In the spring of 2015, media outlets were buzzing with the news: there was a new Minnesota apple in need of a name. Thanks to Honeycrisp fame, new apple releases from the Department of Horticultural Science tend to get a lot of people excited. The new apple, MN-55, is still a ways from having a name and showing up on market shelves. However, other breeding programs within the department have been hard at work.
This summer the front of Alderman Hall was re-landscaped thanks to the Living Laboratory initiative and generous donations from our alumni and friends. The new garden combines plantings that are both aesthetically pleasing and environmentally beneficial to help create a more sustainable campus environment. Read more about this and other exciting changes in the department in the News from the Department Head.
In early August, alumnus Arnold ‘Arne’ Blomquist passed away. Arne earned his master’s degree (1961) and Ph.D. (1963) from the University of Minnesota in horticulture, genetics, and biology. Known for his strength of character and physical constitution, Arne used his extraordinary intelligence and bold leadership to spearhead many projects. He had led military, professional, religious, and education programs that benefit humanity and are a credit to the University.
On West Bank, between the Carlson School of Management and the Rarig Center, a small garden lays brimming with tomato trellises, native perennials, kale, and scattered pollinator beds. It’s there thanks to a small cohort of students looking for a place where faculty, staff, students, and community members can gather on the more metropolitan side of campus to have meaningful interactions with a core theme of healthy food and the environment. With the help of the Living Laboratory initiative, an IonE grant, and Professor Tom Michaels advising, these students created the West Bank Community Garden (WBCG).
Sitting on either side of the main entrance to Alderman Hall this summer were two small wooden boxes brimming with salad greens. These little boxes are the current iteration of a project initially developed by Professor Tom Michaels in 2011, and worked on by many undergraduates since then, called hydroponic salad tables. The tables offer a way for people with little to no land to grow their own salad greens.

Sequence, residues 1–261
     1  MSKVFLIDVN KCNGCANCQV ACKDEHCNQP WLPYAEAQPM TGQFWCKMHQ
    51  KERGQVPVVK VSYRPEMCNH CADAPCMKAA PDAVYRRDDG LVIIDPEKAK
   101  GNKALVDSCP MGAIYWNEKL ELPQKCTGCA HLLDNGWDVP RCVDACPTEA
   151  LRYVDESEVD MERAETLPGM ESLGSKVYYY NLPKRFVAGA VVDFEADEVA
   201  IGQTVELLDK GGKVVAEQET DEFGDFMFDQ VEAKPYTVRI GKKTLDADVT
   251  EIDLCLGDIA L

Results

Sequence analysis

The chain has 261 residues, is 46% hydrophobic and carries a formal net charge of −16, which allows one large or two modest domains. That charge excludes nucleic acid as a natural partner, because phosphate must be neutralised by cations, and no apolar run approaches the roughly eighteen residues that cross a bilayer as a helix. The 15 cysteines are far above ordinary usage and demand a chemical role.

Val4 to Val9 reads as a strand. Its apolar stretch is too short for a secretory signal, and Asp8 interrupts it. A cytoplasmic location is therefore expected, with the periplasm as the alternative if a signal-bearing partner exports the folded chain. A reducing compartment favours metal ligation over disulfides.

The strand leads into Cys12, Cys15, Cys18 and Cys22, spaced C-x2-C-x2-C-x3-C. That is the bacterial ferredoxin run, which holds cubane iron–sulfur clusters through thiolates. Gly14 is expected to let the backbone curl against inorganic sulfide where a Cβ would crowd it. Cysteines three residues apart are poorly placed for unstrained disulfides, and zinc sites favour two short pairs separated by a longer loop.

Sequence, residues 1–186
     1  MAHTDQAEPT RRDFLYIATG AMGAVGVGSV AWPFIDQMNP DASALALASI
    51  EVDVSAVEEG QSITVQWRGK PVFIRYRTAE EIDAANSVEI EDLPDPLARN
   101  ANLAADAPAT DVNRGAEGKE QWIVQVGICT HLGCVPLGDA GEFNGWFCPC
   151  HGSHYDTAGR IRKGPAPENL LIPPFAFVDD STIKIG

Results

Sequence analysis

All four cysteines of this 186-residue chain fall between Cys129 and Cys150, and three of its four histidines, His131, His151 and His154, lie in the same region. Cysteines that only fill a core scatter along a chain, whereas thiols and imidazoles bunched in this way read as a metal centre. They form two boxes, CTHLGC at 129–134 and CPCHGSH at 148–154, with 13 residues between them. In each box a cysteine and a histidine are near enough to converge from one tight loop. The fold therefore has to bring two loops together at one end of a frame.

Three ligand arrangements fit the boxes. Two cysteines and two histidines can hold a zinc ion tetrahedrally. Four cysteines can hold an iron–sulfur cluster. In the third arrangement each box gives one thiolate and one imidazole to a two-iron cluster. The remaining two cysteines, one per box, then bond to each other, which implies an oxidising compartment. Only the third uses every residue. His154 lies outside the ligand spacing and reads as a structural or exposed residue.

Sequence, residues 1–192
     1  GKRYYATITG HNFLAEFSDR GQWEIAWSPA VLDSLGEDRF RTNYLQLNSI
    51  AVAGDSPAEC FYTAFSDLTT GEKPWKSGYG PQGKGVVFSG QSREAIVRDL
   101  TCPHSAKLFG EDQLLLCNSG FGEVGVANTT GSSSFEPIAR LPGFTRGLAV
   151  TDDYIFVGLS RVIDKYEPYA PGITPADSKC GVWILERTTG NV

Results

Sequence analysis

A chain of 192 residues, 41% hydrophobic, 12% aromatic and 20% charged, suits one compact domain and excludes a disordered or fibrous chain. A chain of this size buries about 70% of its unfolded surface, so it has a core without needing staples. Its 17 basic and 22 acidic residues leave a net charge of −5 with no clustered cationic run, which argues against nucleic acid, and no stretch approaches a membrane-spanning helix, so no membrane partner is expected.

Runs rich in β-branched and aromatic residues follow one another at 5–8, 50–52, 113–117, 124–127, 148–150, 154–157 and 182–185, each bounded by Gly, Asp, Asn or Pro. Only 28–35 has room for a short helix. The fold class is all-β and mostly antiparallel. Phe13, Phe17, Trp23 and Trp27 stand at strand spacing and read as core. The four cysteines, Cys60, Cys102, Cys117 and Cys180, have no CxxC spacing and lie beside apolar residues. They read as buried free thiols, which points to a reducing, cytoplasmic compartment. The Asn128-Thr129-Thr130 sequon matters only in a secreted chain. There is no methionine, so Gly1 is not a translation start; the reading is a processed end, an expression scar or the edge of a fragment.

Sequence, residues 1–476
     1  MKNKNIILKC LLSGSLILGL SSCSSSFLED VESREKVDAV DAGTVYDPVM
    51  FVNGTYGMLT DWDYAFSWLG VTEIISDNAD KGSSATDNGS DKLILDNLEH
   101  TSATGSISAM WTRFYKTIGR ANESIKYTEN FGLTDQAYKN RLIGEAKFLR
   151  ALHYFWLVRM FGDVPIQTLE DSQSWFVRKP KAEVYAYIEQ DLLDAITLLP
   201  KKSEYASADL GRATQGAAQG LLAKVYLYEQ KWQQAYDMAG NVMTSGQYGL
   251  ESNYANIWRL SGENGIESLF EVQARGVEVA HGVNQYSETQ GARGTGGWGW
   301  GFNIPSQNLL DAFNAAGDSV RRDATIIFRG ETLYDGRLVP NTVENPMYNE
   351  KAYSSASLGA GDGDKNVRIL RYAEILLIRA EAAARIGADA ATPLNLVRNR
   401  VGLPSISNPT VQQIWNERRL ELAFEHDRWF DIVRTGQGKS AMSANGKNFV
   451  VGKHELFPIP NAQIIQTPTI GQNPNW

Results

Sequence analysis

For years, the number of active golf players has been declining, and golf courses around the country have been shutting down. People aren’t as interested in golf as they once were. Golf courses are “Golf is in the midst of significant change,” says Professor Brian Horgan. “We have an industry that is in need of change, a golf course that is in need of renovation, and a university that’s ready to make a difference. This all gives us a once in a lifetime opportunity to make a major impact on golf.” The Science of (the) Green® initiative aims to renovate the Les Bolstad Golf Course, just across the street from the St. Paul Campus, to make it a working model for the industry that will pave the way for a new kind of interaction with golf personally, communally, and generationally.
As Moriah Maternoski (B.S. Food Systems ‘16) started to talk about all the work that she had to do as a Markhart Scholar last spring — scheduling, emailing, grant writing, evaluating and more — her eyes lit up. It’s a feeling shared with the other eight students involved in the inaugural year of the Markhart Scholars Program, a competitive scholarship opportunity that enables students to build a network around community engagement, food security, and sustainable agriculture.
Clark completed an M.S. and Ph.D. in plant breeding and genetics at the U of M under Professor Jim Luby. He has studied native grass species for use as low input turf, apple fruit quality traits, apple scab resistance and grape diseases.
Most undergraduate students expect their research to have a small impact on their field. However, students enrolled in a new experiential learning class, HORT 4601 — Aquaponics: Integrated fish and plant food systems — are already making strides in aquaponics. In this annual spring semester course, led by several instructors including Horticultural Science Professor Neil Anderson, students designed research projects that address real problems posed by industry professionals.
For alumna Stacey Noble (B.S. Horticulture ’11) there is no typical workday. Her home base is in Chicago, but about half of her time is spent traveling. Where to? At the beginning of May she flew out for a conference in Las Vegas, Nevada. However, as a Burpee home gardens program representative for Ball Horticultural Company, her work spans the western U.S., Midwest and Great Lakes — which adds up to roughly half the country.